Tax Problems

Tax Liens

A tax lien is not an immediate collection action and it can limit your options when it comes to the property and assets you own. Get help with a Tax Lien on personal or business assets.

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“An experienced tax attorney can look at your unique financial situation and determine a solutions that meets your financial goals while keeping you in good standing with tax authorities.”

- Alyssa Maloof Whatley

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Pro Tip:

Stay informed.

You may be eligible for an Offer In Compromise or to enter into an installment payment plan. But every option has its pros and cons, so you need to make an informed decision. Learn more on our Tax Solutions pages.

What Is A Tax Lien?

A lien is a declaration of interest by the IRS in your property due to a failure to pay a tax debt. This lien can affect all your property and especially when it comes to your home, it can limit your options while the lien is in place.

Of course, the easiest way to get out from under a tax lien is to pay the taxes you owe. If that isn’t an immediate solution, other options exist.

For some taxpayers, lien withdrawal, subordination, or discharge of a lien is the right option.

Business owners especially need the guidance of an experienced tax attorney. A lien attaches to all business property – including accounts receivable. This means a federal tax lien is potentially devastating to your ability to conduct your business.

Does A Tax Lien Ever Go Away?

At a minimum, a tax lien can remain in place for 10 years while the IRS still has the statutory authority to collect a debt. It’s important to understand your options when dealing with a tax lien. Certain options can extend the time the IRS has to collect.
You need a qualified and experienced tax pro who can look at your entire financial situation and determine a strategy that works for you or your business.

Is An IRS Tax Lien A Public Record?

Yes. A Notice of Federal Tax Lien is a public document that alerts other potential creditors of the IRS interest in a delinquent taxpayer’s property.

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The Law Firm of Alyssa Whatley team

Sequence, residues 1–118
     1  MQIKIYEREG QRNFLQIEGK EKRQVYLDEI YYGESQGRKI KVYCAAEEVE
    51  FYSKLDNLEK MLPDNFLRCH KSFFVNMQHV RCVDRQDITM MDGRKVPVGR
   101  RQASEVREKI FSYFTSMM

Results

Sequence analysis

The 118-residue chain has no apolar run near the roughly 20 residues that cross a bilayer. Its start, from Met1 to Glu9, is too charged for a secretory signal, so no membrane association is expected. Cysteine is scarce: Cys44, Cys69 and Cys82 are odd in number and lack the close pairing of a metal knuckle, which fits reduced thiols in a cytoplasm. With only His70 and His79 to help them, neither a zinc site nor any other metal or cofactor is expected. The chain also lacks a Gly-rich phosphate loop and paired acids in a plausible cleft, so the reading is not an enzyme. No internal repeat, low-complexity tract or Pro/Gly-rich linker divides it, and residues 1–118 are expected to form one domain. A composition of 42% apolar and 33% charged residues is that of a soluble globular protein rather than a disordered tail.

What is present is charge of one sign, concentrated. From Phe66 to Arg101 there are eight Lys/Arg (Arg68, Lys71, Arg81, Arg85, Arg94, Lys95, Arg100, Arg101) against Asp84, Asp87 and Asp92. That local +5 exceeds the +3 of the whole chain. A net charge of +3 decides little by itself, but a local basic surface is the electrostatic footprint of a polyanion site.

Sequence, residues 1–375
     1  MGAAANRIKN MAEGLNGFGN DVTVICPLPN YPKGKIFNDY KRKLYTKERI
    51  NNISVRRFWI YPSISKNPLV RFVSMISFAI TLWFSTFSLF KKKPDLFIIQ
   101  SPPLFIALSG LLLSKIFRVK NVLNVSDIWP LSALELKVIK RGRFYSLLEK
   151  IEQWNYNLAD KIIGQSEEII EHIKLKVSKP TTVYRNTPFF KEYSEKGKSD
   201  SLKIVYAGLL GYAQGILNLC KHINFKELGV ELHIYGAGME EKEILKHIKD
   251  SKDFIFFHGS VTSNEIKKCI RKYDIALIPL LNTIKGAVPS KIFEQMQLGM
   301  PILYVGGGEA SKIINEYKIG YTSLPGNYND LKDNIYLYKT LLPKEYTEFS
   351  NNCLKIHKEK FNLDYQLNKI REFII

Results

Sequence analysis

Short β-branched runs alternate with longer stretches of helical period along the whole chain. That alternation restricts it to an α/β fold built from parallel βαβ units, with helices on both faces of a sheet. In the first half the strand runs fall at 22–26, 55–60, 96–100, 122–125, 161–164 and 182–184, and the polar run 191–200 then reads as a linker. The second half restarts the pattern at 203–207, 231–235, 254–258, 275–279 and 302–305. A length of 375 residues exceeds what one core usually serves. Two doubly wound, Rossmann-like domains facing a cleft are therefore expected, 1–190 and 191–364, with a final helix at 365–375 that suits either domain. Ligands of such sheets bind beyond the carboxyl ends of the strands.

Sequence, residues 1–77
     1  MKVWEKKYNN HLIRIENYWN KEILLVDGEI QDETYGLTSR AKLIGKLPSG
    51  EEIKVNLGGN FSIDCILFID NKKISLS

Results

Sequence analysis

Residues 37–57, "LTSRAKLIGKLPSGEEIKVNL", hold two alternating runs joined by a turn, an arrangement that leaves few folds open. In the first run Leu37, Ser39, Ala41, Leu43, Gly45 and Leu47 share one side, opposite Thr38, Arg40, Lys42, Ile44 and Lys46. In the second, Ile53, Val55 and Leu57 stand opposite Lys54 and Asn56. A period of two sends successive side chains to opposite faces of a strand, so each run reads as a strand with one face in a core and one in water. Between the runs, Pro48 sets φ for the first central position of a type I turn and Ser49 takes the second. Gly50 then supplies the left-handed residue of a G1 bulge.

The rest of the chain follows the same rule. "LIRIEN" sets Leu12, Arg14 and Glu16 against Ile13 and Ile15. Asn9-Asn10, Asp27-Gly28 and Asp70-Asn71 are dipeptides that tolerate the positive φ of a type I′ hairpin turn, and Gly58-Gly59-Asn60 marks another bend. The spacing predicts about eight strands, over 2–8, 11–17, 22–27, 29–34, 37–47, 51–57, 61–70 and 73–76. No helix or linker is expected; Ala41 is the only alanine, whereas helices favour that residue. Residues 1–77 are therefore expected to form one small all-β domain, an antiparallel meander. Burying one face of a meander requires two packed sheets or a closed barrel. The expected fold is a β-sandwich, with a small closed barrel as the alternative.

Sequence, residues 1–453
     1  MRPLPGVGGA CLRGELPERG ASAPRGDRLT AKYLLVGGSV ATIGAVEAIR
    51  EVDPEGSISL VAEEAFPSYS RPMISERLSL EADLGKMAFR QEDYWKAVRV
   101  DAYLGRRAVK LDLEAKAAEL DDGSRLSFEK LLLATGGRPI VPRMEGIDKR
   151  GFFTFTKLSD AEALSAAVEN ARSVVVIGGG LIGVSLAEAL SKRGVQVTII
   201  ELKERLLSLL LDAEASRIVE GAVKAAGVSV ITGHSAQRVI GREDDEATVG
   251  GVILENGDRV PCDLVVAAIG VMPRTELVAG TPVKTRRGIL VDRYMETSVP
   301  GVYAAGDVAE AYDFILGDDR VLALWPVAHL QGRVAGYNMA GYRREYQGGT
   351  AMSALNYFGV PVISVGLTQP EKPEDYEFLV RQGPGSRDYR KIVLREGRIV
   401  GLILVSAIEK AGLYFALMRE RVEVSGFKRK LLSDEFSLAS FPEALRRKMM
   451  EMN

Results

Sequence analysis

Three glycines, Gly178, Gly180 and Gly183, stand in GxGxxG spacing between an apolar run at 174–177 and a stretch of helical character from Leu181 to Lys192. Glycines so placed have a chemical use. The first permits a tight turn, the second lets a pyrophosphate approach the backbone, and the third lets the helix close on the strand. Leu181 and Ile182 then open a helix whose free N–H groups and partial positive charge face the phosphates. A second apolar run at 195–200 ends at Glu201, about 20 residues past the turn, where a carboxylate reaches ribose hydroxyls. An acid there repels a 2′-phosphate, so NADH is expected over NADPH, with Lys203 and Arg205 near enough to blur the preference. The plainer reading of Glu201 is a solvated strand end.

“Too often, Taxpayers are unaware of IRS's policies or procedures. Even worse, Taxpayers often get incorrect or incomplete information from IRS employees, which can be detrimental to a Taxpayer's case, which is why having an attorney is necessary.”

- Alyssa Maloof Whatley

What’s The Difference Between A Levy And A Lien?

A levy actually takes your property to satisfy your debt. A lien is a delayed collection tactic that secures the government’s interest in your property so your debt is paid when the property is sold or refinanced.

Will Having A Tax Lien Affect My Credit Or My Ability To Get A Mortgage?

Until 2018, IRS liens were reported on credit reports. Now, the three credit bureaus don’t receive information about federal tax debt so technically having a lien against your property won’t impact your credit score.

However, some mortgage lenders and creditors will search public records for tax liens. This can make it difficult to get new lines of credit or credit cards. Landlords also may rely on public records of liens to determine your creditworthiness.

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A car that can be used for a tax lien

What Types Of Property Or Assets Can The IRS Put A Lien On?

For individuals, the IRS can place a lien on “all of your assets (such as property, securities, vehicles) and to future assets acquired during the duration of the lien”.
For business owners, the lien attaches to all business property and to all rights to business property, including accounts receivable.

Can The IRS Take My House For Unpaid Taxes?

In a word, yes. For taxpayers with significant tax debt, the family residence is likely their most valuable asset.

However, the process to seize a home is more complicated than other avenues of collection available to the IRS and usually is a last resort. If you’re facing the seizure of a principal residence to satisfy tax debt, you need to seek professional advice from an experienced tax lawyer.